Does anyone know if there are any noodle type snacks that just need hot water (DC won't eat pot noodle as they are too "bitty")

OP’s posts: |
bluefoxmug Sat 06-Jun-20 20:25:15

super noodles?
they are just noodles with a little stock powder and oil/animal fat.
cup-a-soup type things

ErrolTheDragon Sat 06-Jun-20 20:42:34

You can make couscous, including some of the flavoured ones, just with boiling water.

Snugglepumpkin Sun 07-Jun-20 01:10:39

My son really likes the Mug Shot Roast Chicken Pasta.

It's Fusilli but you make it up like a pot noodle or a cup a soup (they sell it as packets you put in your own mug or as pots like a pot noodle but it is the exact same product inside each so I just get whichever is on offer) so you just add boiling water.
We always leave them twice as long as the pack suggests though or find some of the bits haven't rehydrated properly.

They do other flavours & some are noodles rather than pasta.

gamerchick Sun 07-Jun-20 01:14:55

We have inverters and car batteries for power cuts. A gas cooker with safety knobs but still have camping stoves. Always handy to have an inverter or 2 to run the freezer etc.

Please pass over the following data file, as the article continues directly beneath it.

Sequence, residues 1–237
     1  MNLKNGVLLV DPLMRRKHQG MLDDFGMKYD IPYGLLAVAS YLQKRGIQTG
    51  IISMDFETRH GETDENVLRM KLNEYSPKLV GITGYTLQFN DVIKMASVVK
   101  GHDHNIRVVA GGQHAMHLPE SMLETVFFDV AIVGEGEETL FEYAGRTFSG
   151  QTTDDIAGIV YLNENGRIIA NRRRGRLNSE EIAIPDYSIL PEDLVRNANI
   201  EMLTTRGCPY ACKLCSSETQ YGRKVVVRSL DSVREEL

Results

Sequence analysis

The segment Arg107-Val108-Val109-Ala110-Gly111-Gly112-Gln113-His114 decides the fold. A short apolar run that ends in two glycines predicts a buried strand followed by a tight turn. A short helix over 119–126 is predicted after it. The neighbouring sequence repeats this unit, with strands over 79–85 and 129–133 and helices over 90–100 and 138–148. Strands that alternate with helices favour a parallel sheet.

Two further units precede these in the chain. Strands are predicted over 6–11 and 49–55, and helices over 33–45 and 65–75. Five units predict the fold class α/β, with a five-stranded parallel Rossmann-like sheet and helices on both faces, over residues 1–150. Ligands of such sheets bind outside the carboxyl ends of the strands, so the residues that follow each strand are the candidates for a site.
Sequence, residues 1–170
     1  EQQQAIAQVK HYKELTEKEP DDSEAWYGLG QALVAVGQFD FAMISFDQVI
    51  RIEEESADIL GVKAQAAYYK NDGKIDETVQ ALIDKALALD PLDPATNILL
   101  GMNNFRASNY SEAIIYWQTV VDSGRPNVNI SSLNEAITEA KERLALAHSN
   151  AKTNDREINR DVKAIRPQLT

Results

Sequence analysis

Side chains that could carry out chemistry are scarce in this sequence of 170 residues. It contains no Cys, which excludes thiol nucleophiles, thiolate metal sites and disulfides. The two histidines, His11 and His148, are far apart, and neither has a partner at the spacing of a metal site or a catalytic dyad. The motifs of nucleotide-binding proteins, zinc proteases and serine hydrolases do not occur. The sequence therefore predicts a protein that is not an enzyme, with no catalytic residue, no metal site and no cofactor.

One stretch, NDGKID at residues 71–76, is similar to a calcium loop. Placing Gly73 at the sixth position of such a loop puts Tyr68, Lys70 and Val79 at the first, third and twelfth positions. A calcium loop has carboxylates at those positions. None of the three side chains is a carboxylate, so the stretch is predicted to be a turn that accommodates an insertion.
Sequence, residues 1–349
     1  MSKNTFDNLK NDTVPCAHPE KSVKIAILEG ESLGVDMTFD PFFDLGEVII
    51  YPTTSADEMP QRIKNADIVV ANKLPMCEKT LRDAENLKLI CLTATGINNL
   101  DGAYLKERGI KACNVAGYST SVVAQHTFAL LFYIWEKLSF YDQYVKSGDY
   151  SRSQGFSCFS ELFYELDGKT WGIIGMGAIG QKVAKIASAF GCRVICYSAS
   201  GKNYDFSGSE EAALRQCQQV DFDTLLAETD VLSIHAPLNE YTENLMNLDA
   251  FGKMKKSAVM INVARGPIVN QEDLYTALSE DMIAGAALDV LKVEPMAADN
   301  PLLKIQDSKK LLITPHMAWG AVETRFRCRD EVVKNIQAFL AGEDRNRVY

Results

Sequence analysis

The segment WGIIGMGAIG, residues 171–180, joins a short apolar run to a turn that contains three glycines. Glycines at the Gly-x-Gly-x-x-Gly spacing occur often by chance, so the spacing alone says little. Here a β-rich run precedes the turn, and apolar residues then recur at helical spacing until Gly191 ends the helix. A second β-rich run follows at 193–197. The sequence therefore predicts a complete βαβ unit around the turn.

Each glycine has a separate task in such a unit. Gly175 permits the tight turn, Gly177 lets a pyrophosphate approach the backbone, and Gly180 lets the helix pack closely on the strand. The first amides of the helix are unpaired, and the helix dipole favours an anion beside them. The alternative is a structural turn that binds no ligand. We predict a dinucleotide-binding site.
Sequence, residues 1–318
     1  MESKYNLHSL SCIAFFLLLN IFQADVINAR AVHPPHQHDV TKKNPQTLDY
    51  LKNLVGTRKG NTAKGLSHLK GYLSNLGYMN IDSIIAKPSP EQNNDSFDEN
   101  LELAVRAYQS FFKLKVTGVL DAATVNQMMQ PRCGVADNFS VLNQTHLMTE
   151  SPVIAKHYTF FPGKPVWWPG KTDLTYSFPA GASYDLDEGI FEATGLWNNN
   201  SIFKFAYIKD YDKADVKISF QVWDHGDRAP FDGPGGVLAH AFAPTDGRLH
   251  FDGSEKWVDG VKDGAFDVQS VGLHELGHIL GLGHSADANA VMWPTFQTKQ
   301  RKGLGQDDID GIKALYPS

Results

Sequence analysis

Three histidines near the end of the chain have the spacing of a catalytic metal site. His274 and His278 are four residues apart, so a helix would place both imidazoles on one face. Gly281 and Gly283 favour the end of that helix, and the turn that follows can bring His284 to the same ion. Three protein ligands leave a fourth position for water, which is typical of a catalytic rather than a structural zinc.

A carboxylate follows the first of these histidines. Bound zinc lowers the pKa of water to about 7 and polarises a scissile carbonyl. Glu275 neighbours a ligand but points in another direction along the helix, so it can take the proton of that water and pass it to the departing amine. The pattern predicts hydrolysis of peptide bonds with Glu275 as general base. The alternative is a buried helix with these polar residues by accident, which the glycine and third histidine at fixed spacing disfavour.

3cats Sun 07-Jun-20 01:19:27

We’re campers so we have a few led lanterns and torches. I also have a portable kerosene heater. We have the gas camping stove. I also bulk cook, so we can just defrost things like stew or curry or soup and just eat with bread or rice.

3cats Sun 07-Jun-20 01:20:26

Also, I have a battery charger for my phone. I never use it usually, but it’s there for in case of emergencies.

HuggedTheRedwoods Sun 07-Jun-20 12:54:13


If you have a landline, buy a cheap non-powered handset and keep it near your phone socket to plug in if needed - that way you will have a means of making and receiving calls if your mobile runs out of battery.

dont forget to have your key phone numbers also written down!

Pelleas Sun 07-Jun-20 14:21:41